Sure, I knew before I joined there were political issues. In a club that size I suppose a little of that is to be expected. But I never knew just how bad it was. The other night, after the latest episode of the soap opera, I found myself wondering if it was time to start a new one, with a different batch of guys who saw things the way I did. And then that thought was followed with another one: why a club, at all?
I mean, the vast majority of kinky people out there never go to or have anything to do with the leather clubs, right? And I've got lots of great friends with whom I feel I belong, so I don't need a club for that anymore, now do I? And there are certainly other ways to find people to "play" with. Why bother with the hassle of a club, old or new?
But then... I think back to years ago, when I was still very much in the "leather closet." Hell, farther back than that -- to high school, when I was still very much in THE closet. I remember when I used to see drag queens and nelly fags on TV or something, and I'd think, "that's a gay guy. I'm gay. But I don't want to be like that." I remember seeing Bob Paris on the Phil Donahue show eventually, and probably for the first time believing that there was such a thing as a masculine gay man. That gave me a lot of hope.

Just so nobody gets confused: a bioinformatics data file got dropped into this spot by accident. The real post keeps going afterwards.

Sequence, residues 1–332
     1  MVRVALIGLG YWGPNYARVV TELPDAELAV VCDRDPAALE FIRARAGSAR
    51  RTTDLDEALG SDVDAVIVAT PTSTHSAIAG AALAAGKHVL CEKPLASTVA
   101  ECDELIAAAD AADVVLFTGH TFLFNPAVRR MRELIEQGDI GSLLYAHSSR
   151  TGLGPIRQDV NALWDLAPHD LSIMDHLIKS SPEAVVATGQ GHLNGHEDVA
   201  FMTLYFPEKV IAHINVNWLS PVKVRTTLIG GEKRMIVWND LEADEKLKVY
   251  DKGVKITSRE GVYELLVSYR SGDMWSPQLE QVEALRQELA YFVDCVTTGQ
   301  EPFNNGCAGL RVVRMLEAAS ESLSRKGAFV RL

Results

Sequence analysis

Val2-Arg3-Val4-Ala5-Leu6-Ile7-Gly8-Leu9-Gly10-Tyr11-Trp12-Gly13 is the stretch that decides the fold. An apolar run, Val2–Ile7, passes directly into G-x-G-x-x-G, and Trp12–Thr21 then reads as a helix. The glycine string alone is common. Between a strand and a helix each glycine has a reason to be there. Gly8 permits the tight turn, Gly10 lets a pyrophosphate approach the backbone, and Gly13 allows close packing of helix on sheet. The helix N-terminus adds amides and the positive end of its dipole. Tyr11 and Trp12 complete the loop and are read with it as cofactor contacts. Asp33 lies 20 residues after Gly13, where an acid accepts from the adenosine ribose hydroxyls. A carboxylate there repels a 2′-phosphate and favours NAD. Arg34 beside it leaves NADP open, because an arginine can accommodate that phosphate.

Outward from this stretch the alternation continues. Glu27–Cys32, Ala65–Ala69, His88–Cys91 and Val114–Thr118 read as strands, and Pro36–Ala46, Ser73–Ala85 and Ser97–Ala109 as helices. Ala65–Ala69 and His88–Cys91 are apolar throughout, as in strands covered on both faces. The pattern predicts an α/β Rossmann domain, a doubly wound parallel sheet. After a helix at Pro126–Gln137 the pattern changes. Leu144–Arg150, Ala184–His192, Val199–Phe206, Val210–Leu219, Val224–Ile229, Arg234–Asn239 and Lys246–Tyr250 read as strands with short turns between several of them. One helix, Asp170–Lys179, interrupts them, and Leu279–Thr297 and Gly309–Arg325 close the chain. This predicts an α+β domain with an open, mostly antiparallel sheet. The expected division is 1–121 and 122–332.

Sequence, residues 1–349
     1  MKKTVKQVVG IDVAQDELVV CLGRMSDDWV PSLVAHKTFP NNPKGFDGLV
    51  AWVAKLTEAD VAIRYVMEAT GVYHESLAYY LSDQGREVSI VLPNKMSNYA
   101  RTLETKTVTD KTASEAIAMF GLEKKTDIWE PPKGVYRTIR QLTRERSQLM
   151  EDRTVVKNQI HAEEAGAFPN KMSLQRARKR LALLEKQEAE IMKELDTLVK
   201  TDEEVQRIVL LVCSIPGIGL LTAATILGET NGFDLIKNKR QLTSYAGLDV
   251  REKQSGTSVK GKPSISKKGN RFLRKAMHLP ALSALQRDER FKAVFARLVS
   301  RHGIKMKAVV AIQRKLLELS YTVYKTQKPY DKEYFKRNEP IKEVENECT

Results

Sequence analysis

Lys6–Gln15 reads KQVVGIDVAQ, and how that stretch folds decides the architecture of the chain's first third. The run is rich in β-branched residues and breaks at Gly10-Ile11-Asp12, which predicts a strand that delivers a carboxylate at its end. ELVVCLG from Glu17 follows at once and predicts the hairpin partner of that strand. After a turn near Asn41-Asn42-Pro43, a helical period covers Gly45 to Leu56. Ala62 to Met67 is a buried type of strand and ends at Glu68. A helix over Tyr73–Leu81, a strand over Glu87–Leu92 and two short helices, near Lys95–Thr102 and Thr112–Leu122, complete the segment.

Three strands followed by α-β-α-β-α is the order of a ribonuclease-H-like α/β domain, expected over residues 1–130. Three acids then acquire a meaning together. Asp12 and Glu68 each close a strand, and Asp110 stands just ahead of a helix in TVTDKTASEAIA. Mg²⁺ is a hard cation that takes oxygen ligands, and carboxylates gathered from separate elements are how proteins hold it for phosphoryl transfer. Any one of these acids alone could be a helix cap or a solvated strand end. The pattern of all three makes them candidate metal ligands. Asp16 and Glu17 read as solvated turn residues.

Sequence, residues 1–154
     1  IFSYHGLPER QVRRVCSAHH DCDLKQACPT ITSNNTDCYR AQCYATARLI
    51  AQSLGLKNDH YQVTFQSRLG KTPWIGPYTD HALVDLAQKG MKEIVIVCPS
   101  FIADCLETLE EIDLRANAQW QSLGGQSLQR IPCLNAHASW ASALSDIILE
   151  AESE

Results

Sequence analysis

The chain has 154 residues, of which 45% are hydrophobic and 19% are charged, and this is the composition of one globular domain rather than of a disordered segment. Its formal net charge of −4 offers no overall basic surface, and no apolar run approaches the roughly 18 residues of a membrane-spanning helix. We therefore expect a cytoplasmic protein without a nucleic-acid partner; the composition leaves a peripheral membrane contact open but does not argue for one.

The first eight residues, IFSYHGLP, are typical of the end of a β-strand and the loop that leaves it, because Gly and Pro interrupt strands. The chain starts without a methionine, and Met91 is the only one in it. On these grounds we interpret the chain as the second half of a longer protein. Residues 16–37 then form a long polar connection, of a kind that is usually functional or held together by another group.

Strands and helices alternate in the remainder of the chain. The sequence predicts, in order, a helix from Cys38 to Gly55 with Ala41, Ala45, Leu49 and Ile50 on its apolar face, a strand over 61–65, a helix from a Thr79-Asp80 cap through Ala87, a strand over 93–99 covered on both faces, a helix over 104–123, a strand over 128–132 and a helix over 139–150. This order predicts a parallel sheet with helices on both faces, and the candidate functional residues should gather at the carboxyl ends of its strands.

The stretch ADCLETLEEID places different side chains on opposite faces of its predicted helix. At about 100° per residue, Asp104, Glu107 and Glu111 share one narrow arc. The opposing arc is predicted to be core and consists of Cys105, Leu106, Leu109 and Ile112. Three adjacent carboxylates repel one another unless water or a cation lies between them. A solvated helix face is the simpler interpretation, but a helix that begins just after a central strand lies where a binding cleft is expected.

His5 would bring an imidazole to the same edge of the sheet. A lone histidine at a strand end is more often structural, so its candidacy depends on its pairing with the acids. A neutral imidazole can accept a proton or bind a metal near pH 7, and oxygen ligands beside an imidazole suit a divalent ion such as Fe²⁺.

Then I started realizing I was into kinky stuff too. But the only representatives of the leather world I ever seemed to see were monstrously unattractive old men with guts pouring over their chaps, in harnesses that looked equally ridiculous. And if they weren't old, it seemed there was usually something else creepy about them. Leatherfolk, it seemed, were the freaks all self-respecting gay people wished would just go away. I finally managed to meet enough real people (often online) and, most importantly, got myself to a big leather event to see all that wasn't true. It was finding the right examples that made all the difference. Finding the men who were what I wanted to be, who had that something I wanted to have.
I remember one night, some time after all that, with a guy I was sort of seeing for a while. After some particularly beautiful sex, I said something like "I feel like I can never repay you for teaching me about all this." And he said "you pay me back by teaching the next kid."
And so now, I think about all those guys out there who are other versions of the me from a few years ago. Granted, coming out is easier for lots of people nowadays, but not all. And granted, it's more accepted to be a little kinky, to tie up your boyfriend for a little thrill, but it's still not all that cool to be a full-on leatherman. There are still young men out there with my old fears. And they need to see, when they walk into a bar, or at a parade or other event, a group of proud men in slick leather uniforms, smiling and reveling in each other's company, and think "whatever they've got -- that's what I want."
And then we'll smile over at them invitingly, and we'll proceed to teach that next kid.
So yes, I think there are still some good reasons for having leather clubs. Just, maybe, not the ones we have now.
© 2000, Dan Nash